Today – May 31, 2013 – a 1.7-mile-long asteroid called 1998 QE2 will sail safely past Earth at a distance of about 3.6 million miles (5.8 million kilometers). That’s about 15 times the moon’s distance. This object is not a hazardous asteroid, and the May 31 asteroid flyby is safe. Closest approach happens today at 1:59 p.m. Pacific (4:59 p.m. Eastern / 20:59 UTC). This is the closest approach the asteroid will make to Earth for at least the next two centuries. NASA is already watching with its Goldstone radar telescope and has invited the public to online and television events that began yesterday (May 30) and continue today. Experts are discussing NASA’s asteroid initiative and showing real-time images of the May 31 Earth flyby of asteroid 1998 QE2. Plus the Slooh Space Camera will try to capture the asteroid as it sweeps past. Details on how you can participate below. All activities listed for May 31, 2013.
Virtual Telescope Project beginning at 4 p.m. EDT / 2000 UTC. “Asteroid 1998 QE2 close encounter.” Click here for the Virtual Telescope Project.
“We the Geeks” at 2-3 p.m. EDT / 1800-1900 UTC. NASA Deputy Administrator Lori Garver, former astronaut Ed Lu, and Bill Nye the Science Guy will discuss all things asteroid in a White House “We the Geeks” Google+ Hangout. The hangout can be viewed at the White House website, here: https://plus.google.com/+whitehouse/posts
Bareket Observatory beginning at 3 p.m. EDT / 1900 UTC. Bareket Observatory in Israel will transfer live images of asteroid 1998 QE2. See Bareket’s latest image here.
NASA at Space.com at 4:30 EDT / 20:30 UTC. Space.com is hosting NASA ustream live on its site beginning 1:30 EDT. Go here to watch on Space.com.
Slooh at 1:30 p.m. PDT / 4:30 p.m. EDT / 2030 UTC. Slooh Space Camera will cover 1998 QE2’s closest approach from its observatories in the Canary Islands, off the coast of west Africa. Viewers can watch live on their PC/Mac or by downloading a free Slooh iPad app in the iTunes store and touching the broadcast icon. Click here for Slooh’s schedule and more details.
As NASA peered at the asteroid via radar this week, it discovered that 1998 QE2 does not travel alone in space. Instead, this object has a moon. See the video below, and watch as the moon moves in orbit around the asteroid. An asteroid with a moon is said to be a binary asteroid. Read more about 1998 QE2’s moon here.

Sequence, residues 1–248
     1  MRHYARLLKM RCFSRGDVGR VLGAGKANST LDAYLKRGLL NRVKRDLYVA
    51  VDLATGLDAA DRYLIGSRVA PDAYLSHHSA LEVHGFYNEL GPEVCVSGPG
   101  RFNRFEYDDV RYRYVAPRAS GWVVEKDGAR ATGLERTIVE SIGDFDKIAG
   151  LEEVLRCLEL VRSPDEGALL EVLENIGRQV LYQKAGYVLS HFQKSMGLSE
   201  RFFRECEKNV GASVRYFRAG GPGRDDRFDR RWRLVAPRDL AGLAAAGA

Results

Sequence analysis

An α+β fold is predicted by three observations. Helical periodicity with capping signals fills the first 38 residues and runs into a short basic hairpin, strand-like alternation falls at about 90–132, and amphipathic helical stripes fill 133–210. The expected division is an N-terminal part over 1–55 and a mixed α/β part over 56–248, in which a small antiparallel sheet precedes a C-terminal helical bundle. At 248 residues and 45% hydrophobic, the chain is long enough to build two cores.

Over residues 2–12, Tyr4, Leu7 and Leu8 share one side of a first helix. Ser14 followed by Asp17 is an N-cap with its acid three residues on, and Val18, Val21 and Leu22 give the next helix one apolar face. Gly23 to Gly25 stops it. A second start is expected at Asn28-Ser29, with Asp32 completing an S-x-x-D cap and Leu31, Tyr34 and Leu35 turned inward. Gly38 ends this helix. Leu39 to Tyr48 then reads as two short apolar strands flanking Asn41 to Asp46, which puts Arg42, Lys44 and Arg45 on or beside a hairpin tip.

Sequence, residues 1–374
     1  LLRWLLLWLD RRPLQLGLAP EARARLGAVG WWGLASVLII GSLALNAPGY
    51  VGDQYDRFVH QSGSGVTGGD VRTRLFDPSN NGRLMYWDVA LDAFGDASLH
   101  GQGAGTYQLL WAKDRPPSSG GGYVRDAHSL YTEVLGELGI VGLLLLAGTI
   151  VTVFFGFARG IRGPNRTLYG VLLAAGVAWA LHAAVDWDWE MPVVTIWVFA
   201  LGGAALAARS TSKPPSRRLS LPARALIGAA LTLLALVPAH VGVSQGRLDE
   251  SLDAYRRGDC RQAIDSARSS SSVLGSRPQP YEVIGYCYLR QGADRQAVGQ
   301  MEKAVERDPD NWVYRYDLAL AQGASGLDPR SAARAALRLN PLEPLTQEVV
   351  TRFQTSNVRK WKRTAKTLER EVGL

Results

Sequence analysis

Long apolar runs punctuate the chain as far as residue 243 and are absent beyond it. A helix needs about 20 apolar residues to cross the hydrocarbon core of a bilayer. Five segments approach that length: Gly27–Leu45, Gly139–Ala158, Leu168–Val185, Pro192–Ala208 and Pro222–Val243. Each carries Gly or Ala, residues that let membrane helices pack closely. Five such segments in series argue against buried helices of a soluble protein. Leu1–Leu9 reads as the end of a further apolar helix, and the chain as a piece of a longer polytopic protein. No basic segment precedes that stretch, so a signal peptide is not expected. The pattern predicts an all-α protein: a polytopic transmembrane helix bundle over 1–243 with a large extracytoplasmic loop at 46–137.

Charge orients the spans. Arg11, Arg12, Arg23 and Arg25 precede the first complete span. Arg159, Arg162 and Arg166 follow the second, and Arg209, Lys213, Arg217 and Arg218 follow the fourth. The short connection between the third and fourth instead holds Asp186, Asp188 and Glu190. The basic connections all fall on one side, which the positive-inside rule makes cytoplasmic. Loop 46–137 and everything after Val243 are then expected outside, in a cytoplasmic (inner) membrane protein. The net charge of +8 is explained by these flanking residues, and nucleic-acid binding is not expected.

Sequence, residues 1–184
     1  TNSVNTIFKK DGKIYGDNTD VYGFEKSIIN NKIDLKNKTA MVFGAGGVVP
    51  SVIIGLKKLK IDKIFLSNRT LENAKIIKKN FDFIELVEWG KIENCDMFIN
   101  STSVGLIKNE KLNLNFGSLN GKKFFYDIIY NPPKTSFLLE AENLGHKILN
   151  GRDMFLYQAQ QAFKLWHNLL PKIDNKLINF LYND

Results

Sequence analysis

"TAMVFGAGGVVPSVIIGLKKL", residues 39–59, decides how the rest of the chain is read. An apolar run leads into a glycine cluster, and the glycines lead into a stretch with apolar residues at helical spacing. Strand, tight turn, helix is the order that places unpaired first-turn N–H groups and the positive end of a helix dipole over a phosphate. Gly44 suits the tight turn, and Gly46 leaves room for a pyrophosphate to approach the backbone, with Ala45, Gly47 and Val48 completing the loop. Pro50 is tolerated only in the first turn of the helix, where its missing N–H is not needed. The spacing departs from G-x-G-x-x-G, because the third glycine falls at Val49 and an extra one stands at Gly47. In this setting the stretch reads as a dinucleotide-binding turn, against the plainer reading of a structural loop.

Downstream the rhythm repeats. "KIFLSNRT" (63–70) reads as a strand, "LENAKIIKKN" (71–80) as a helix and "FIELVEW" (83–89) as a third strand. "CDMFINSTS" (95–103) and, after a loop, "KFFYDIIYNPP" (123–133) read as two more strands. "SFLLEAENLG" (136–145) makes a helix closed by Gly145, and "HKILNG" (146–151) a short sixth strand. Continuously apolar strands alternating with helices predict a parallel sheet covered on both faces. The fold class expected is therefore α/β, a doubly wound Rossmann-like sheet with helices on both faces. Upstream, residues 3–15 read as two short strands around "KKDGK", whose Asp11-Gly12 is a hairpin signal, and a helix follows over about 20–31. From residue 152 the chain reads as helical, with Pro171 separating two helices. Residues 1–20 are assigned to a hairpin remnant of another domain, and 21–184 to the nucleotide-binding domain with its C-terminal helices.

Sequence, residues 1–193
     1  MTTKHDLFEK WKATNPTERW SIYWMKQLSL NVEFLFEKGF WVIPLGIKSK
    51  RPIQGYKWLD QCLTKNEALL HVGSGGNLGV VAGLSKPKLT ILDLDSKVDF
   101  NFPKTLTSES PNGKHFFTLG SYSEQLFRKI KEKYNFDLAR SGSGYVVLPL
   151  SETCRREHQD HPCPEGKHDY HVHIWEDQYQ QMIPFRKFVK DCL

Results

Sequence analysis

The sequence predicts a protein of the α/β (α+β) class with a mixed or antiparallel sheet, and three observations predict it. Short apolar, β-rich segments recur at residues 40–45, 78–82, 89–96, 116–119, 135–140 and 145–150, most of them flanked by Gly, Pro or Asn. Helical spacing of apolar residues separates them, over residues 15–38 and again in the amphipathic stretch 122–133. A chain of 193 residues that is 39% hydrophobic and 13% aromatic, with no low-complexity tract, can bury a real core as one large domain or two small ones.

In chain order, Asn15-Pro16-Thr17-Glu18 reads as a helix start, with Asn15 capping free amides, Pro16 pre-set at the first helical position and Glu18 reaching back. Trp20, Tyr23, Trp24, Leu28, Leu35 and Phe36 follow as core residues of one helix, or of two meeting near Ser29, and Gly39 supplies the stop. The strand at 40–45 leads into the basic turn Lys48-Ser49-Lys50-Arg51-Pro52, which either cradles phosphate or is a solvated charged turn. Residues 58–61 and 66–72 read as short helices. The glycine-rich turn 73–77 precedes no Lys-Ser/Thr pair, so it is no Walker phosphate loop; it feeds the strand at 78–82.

NASA has plans to launch a robotic probe to one of the most potentially hazardous of the known Near Earth Objects (NEOs). NASA says:
The OSIRIS-REx mission to asteroid (101955) Bennu will be a pathfinder for future spacecraft designed to perform reconnaissance on any newly-discovered threatening objects. Aside from monitoring potential threats, the study of asteroids and comets enables a valuable opportunity to learn more about the origins of our solar system, the source of water on Earth, and even the origin of organic molecules that lead to the development of life.
In addition, earlier this year, NASA announced that is is developing a first-ever mission to identify, capture and relocate an asteroid for human exploration. This mission would mark an unprecedented technological achievement that raises the bar of what humans can do in space.
By the way, 1998 QE2 – which is believed to be about 1.7 miles (2.7 kilometers) or nine Queen Elizabeth 2 ship-lengths in size – is not named for that 12-decked, transatlantic-crossing flagship for the Cunard Line, NASA says. Instead, the name is assigned by the NASA-supported Minor Planet Center in Cambridge, Mass., which gives each newly discovered asteroid a provisional designation starting with the year of first detection, along with an alphanumeric code indicating the half-month it was discovered, and the sequence within that half-month.
Bottom line: Scheduled of online events centered on the passage of asteroid 1998 QE2. The asteroid is closest May 31, 2013 at 1:59 p.m. Pacific (4:59 p.m. Eastern / 20:59 UTC).
Deborah Byrd created the EarthSky radio series in 1991 and founded EarthSky.org in 1994. Today, she serves as Editor-in-Chief of this website. She has won a galaxy of awards from the broadcasting and science communities, including having an asteroid named 3505 Byrd in her honor. A science communicator and educator since 1976, Byrd believes in science as a force for good in the world and a vital tool for the 21st century. "Being an EarthSky editor is like hosting a big global party for cool nature-lovers," she says.